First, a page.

Blog From Retirement to Inheritance: What to Do with Dental Scrap
Pink Piggybank Wearing Eyeglasses On Deck Chair Over The Sandy Beach

From Retirement to Inheritance: What to Do with Dental Scrap

Did you know that dentists typically retire later than the average American? As with most major milestones in life, people say retirement is bittersweet. It’s a huge accomplishment that brings opportunities to enjoy life in new ways, but winding down a longstanding practice can also be stressful and emotional in many ways.

Without a doubt, you’ve got a lot to decide if you’re a retiring dentist. Among the many details to iron out along the way, you may have a collection of precious metal scrap to deal with. That’s where Garfield Refining comes in! Whether you’re a retiring dentist or have inherited dental gold, handling your precious metal scrap should be simple, easy and lucrative.

Life After Dentistry

Along with the long-term budgeting, a retiring dentist must decide what to do with their practice. There are plenty of options these days, from private sales to corporate buyouts, mergers, family successions and more. Retiring from a dental practice involves several key aspects, including inventory assessment, monetization options, and financial planning. Navigating the transition to retirement can be challenging, but worth the effort in the long run!

Dentist's hand measuring a gold tooth model

Gold in Dentistry

Although it’s becoming less common, gold is still used in dentistry today – especially in scenarios where the priority is strength and durability of the dental work (for example, a restoration of a molar). Gold and other precious metals like platinum and palladium are used in dental crowns, bridges, PFMs, inlays, onlays and more.

The value of gold-containing dental material can vary widely, but even a small collection of dental gold can hold significant value (especially with gold’s current high prices – $2,326 per ounce as of June 2024). And don’t overlook silver-colored dental crowns or bridges – they could still contain gold! White gold dental alloys are common as well. 

The best news for a retiring dentist who has saved dental scrap over the years?  — The older the dental alloy, the more likely it is to be high noble content (i.e.: it probably has more gold in it!).

Dental Gold Scrap Collections

While some dentists refine their extracted precious metal scrap on a regular basis, others accumulate the scrap from crowns, bridges, PFMs and more throughout their career, and may end up with a sizable collection that holds significant value.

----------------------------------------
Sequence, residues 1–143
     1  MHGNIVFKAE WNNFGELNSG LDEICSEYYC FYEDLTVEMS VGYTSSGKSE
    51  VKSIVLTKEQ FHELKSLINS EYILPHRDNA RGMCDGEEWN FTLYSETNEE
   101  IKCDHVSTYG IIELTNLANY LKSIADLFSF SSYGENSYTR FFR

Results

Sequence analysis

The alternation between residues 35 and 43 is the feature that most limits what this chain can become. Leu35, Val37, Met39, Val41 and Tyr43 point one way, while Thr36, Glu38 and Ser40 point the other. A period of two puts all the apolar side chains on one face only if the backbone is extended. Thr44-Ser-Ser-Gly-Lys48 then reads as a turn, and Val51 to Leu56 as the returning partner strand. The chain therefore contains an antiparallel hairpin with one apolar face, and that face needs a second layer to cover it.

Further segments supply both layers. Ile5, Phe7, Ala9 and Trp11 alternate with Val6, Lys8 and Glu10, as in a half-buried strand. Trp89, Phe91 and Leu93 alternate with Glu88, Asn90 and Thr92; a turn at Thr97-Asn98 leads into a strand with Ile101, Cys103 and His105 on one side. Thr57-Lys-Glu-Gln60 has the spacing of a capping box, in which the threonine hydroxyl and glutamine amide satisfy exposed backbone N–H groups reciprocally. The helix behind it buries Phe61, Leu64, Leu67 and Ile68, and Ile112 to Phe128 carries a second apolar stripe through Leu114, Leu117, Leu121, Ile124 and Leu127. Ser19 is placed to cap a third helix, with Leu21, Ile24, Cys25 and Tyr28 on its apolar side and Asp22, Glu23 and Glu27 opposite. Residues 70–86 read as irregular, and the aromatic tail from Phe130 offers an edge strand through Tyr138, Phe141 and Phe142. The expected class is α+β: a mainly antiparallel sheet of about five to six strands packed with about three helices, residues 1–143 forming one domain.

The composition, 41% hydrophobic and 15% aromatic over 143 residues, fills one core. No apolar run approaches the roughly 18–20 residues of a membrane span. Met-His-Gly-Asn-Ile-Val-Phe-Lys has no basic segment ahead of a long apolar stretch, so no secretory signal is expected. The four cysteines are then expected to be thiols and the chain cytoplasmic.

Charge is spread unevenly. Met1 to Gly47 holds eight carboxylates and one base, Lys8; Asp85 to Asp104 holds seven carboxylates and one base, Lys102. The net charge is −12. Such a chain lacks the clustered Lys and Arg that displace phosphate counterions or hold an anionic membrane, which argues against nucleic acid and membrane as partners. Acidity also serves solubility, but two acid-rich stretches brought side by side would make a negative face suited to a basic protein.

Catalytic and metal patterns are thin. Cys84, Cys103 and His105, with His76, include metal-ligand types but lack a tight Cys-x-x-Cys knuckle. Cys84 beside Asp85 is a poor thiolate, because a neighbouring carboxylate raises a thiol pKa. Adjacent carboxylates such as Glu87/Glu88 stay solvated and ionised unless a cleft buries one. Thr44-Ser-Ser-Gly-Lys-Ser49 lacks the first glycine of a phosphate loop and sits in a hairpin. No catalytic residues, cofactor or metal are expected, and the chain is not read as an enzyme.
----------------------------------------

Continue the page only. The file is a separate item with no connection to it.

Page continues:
Dental lab owners may also accumulate large amounts of precious metal scrap from the various dental prosthetics that they create and repair throughout their careers. Selling a collection of gold scrap can provide a hefty source of additional income during one’s retirement transition.

Selling Gold Scrap as a Retiring Dentist

Whether it makes sense to cash in on dental scrap before or after retirement will depend on your unique personal and financial needs. But regardless of when you sell, there are plenty of ways to use precious metal funds to your advantage, whether you’re a retired dentist or a soon-to-be retired dentist.

Multiple dental gold crowns lined up in a heart-shaped outline

Many dentists also like to use their precious metal cash to give back by donating to a non-profit or charity. There are plenty of national and global organizations dedicated to providing dental care to people in need, including the AGDF, Global Dental Relief, Dentaid and more. Putting extra cash towards a good cause could make retirement all the more fulfilling.

Inherited Dental Gold

So, what if you’re on the receiving end of a dental practice or lab, and find yourself with a sudden windfall of precious metal scrap? Inherited dental gold is unique because unlike other forms of inherited gold (like bullion coins or bars), the value of dental alloys are not known until the material is refined.

Refining Inherited Gold Scrap

When it comes time to liquidate your inherited dental gold, precious metal refineries like Garfield make it super easy to assess the value and get paid. And if you’d like to stay in gold or other precious metals as an investment, we even offer the option to exchange the partial or total value of your scrap for bullion. Refining dental gold in exchange for bullion is a smart move, because you’ll end up with a pure precious metal asset that has a finite value based on weight and the market price of the metal.

Working with a reputable precious metals refinery like Garfield is a guaranteed way to get the highest possible payout for your material. Make sure to steer clear of pawn shops and Cash For Gold businesses when selling dental scrap, as they don’t have the tools to refine and properly test your material. This means they can’t provide an accurate valuation and/or a fair payout. Instead, non-refinery gold buyers will appraise your material at an extremely conservative price before selling to a refinery like Garfield to make a profit. Cut out the middle man and get the highest value for your scrap!

Whether you’re a retiring dentist or have inherited dental gold, we’re here to help you obtain the most value from your gold scrap. Our award-winning dental refining services have been recognized by leading dentists for over a decade, and we offer the highest payouts in the industry. Download a free shipping label to get started today!